Section 107 IPC: Abetment of a Thing

In the labyrinth of legal terminologies, Section 107 IPC stands as a significant pillar that often remains obscured from the public eye. Yet, it plays a crucial role in the Indian Penal Code, shaping the legal landscape with respect to abetment.

section 107 ipc

In this article, we delve into the intricacies of Section 107 IPC, demystifying its provisions and exploring its implications.

Understanding the Basics

What is Section 107 IPC?

Section 107 of the Indian Penal Code (IPC) defines the act of abetment concerning a ‘thing.’ Abetment, in a legal context, refers to the act of instigating, encouraging, or aiding someone to commit a crime. However, this section specifically deals with abetment of a ‘thing’ rather than a person.

What Constitutes a ‘Thing’?

In legal terms, a ‘thing’ can encompass a wide array of objects or items. It could refer to anything from property, documents, or even animals. The abetment of a ‘thing’ typically involves assisting or facilitating an unlawful act involving these objects.

Key Provisions

Abetment Defined

Section 107 lays down that abetment involves three essential elements:

  1. Instigating someone to do a thing.
  2. Engaging with them in a conspiracy to do that thing.
  3. Aiding or facilitating the commission of that thing.
See also  Section 112 IPC: Abettor when liable to cumulative punishment for act abetted and for act done


Depending on the gravity of the abetted crime, the punishment may vary. Section 107 IPC doesn’t specify the punishment itself but rather provides a framework for prosecuting individuals involved in abetment.

Real-World Applications

Abetment of Theft

One common application of Section 107 IPC is in cases of theft. Suppose someone encourages or aids another person in stealing a valuable item. In that case, both the instigator and the thief can be charged under this section.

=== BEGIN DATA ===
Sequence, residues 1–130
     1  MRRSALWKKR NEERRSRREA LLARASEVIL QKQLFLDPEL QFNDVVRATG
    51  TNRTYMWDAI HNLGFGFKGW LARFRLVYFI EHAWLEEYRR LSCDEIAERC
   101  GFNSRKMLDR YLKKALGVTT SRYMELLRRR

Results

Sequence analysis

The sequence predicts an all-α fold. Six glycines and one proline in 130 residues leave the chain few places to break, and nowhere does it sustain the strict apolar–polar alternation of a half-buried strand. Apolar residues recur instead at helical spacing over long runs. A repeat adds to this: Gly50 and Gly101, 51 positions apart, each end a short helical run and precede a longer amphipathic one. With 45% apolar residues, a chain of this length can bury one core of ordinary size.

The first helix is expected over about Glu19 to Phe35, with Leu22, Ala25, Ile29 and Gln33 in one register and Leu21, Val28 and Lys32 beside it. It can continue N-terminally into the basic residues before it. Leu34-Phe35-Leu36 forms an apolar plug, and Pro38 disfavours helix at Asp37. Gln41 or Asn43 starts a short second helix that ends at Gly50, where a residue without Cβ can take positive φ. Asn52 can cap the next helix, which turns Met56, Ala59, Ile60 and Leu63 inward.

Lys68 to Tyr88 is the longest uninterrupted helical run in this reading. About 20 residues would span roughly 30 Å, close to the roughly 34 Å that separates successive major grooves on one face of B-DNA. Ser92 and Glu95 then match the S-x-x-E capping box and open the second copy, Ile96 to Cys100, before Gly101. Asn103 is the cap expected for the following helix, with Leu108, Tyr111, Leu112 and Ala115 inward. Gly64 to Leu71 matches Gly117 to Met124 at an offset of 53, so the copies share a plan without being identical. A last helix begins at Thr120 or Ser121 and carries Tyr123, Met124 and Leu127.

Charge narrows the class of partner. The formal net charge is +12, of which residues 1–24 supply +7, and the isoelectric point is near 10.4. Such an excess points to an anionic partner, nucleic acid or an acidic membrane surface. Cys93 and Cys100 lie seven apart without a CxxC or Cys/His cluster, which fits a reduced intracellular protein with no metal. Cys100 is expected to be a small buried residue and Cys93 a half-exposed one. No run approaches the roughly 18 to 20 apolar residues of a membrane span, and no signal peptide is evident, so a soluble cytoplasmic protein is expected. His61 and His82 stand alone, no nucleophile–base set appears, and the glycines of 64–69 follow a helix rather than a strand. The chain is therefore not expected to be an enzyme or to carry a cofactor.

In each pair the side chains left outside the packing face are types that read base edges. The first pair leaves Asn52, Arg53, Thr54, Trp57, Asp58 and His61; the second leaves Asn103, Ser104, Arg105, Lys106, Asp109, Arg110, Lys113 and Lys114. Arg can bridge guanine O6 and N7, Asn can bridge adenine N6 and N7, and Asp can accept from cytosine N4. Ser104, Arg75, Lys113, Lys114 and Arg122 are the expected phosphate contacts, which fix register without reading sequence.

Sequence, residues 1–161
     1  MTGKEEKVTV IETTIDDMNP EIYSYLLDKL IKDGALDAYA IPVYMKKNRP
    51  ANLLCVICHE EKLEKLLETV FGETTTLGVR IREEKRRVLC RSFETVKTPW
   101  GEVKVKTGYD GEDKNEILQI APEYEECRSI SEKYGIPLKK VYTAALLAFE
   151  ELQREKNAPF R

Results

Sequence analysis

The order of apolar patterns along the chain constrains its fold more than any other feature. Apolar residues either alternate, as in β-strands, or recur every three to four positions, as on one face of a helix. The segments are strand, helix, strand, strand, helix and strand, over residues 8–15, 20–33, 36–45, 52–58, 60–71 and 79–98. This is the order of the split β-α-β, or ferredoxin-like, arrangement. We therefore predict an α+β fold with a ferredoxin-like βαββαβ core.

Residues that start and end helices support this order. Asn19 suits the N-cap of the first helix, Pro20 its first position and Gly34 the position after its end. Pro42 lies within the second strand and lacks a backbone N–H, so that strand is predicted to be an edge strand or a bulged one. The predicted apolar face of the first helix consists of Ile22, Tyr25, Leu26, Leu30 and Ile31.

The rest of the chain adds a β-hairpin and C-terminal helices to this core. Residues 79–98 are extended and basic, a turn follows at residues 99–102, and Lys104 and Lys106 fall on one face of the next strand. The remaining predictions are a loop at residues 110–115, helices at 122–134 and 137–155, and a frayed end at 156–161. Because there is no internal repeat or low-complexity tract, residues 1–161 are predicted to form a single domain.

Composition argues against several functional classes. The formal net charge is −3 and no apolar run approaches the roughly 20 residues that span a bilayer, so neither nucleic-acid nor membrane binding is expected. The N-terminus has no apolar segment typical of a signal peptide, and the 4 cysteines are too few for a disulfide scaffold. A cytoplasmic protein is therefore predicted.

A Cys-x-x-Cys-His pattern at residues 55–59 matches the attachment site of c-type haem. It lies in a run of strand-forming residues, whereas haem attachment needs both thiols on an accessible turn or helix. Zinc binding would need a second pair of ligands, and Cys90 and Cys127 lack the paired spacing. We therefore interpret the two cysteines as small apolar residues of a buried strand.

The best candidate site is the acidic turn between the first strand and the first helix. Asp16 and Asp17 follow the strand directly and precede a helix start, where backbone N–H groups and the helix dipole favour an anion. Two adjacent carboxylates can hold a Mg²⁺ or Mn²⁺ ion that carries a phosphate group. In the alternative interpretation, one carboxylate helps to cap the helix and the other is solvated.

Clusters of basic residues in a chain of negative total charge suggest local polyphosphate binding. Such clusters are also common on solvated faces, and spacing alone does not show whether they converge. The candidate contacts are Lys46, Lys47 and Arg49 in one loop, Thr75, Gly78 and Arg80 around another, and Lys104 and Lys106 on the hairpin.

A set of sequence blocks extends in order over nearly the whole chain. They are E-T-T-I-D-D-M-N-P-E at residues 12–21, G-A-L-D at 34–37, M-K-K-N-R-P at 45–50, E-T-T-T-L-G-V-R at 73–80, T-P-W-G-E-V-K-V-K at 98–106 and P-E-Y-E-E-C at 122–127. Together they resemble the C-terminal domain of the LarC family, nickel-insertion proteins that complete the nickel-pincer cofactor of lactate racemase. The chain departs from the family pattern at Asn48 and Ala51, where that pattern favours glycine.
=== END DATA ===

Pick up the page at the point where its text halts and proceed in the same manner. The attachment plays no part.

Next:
Abetment of Forgery

Similarly, if an individual assists another in forging documents or signatures, Section 107 IPC can be invoked against both parties involved.

Legal Interpretations

Mens Rea

For a successful conviction under Section 107 IPC, the prosecution must establish that the abettor had a guilty mind (mens rea). In other words, they must prove that the abettor intended to aid in the commission of the crime.

Active Participation

The abettor doesn’t necessarily have to be physically present at the crime scene. Even remote assistance or encouragement can fall under the purview of Section 107 IPC.


In the vast realm of Indian criminal law, Section 107 IPC serves as a crucial tool in addressing acts of abetment concerning ‘things.’ It underscores the importance of holding individuals accountable for their role in facilitating or encouraging illegal activities. Understanding this section is vital not only for legal professionals but also for citizens who wish to comprehend the intricacies of the Indian Penal Code.


Section 107 IPC requires a guilty mind (mens rea) on the part of the abettor. Unintentional assistance may not lead to charges under this section.

Common examples include abetment of theft, forgery, destruction of property, and tampering with documents.

Yes, Section 107 IPC can be applied to corporate entities if they are found to be involved in abetting unlawful activities related to ‘things.’

A strong defense may involve proving lack of mens rea or establishing that the accused had no knowledge of the abetted crime.